• Oklahoma Gov. Mary Fallin (R) approved a bill on May 31 to create a $100 annual registration fee for electric motor vehicles and a $30 annual fee for hybrid motor vehicles. The law goes into effect on Nov. 1.
  • Colorado Gov. John Hickenlooper (D) approved a measure on May 19 to provide $1.8 billion in bonds for state transportation funding for work to be completed over the next 10 years.
  • Legislation to create a $75 annual registration fee for electric vehicles, dedicate the state motor vehicle lease sales tax and sales tax on rental vehicles for transportation purposes, authorize bonds and provide revenue from the General Fund was signed into law by Minnesota Gov. Mark Dayton (D) on May 30.


  • The New Hampshire House approved an amended bill on June 1 to provide one-time revenue from a budget surplus to address highway and bridge repairs.


  • Oregon lawmakers revealed legislation on May 31 for a 10-year, $8.2 billion transportation funding increase through a combination of higher state motor fuel taxes (8 cents-per-gallon), increased vehicle title and registration fees, a new electric vehicle fee, an additional fee assessed on a vehicle’s mileage (beginning 2020), a statewide employee payroll tax for public transit, a new dealer excise tax on vehicle sales, a sales tax on new adult bicycle purchases, and tolls on portions of Interstate 5.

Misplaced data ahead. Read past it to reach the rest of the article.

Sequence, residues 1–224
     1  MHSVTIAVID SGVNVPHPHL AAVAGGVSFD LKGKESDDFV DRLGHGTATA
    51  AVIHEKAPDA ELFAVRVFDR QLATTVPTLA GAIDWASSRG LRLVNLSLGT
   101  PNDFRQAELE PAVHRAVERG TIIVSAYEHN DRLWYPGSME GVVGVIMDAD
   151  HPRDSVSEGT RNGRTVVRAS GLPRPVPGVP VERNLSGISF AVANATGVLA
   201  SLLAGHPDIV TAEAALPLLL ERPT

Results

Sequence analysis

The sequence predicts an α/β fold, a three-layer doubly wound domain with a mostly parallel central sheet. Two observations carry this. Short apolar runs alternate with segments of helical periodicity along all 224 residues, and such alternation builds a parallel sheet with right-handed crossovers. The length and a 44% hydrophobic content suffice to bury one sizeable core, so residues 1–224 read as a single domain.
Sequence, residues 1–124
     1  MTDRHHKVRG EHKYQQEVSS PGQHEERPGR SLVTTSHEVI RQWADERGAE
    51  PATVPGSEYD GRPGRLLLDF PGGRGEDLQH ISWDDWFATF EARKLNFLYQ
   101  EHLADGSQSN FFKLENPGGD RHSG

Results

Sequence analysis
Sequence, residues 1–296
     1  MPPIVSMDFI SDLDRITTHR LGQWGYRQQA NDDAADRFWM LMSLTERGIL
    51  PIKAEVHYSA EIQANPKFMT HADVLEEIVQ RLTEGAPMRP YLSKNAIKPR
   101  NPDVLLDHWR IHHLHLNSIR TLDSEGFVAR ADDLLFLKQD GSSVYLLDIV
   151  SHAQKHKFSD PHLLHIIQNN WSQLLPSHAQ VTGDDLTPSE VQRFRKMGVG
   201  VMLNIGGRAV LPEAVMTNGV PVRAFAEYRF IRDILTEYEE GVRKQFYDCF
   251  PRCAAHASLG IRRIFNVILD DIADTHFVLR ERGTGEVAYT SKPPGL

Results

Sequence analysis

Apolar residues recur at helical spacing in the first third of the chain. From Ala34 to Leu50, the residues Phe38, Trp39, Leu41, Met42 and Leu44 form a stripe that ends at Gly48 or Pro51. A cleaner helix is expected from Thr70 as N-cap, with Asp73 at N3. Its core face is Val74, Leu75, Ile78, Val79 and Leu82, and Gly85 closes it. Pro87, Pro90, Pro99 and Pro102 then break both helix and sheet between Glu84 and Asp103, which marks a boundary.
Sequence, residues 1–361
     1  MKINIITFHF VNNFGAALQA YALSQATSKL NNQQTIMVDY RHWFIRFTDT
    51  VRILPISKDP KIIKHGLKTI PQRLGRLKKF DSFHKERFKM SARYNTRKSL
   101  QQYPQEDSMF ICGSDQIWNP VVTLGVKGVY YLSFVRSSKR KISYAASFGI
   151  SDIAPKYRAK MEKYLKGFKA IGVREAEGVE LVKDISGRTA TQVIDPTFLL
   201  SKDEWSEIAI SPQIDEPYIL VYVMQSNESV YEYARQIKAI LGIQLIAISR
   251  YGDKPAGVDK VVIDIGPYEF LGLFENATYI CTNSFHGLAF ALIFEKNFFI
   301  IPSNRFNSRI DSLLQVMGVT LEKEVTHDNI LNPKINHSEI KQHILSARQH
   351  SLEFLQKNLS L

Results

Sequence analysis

• New Mexico Gov. Susan Martinez (R) vetoed a 5 cents-per-gallon state gas tax on May 26, the second attempt by the legislature this year to increase transportation funding that was vetoed by the governor.
  • A bill to increase the Louisiana state motor fuel tax by 10 cents-per-gallon was pulled from the House floor prior to debate due to lack of support.
  • A bill on the ballot in California that would have lowered the voter threshold required to pass a local transportation funding measure from two-thirds majority to 55 percent stalled in committee on May 25. Bill sponsor Sen. Scott Wiener (D- District 11) declared his intention to reintroduce the measure in the coming weeks.

Have we missed any state transportation funding legislation? To provide feedback on the report or contribute to this effort, contact Carolyn Kramer.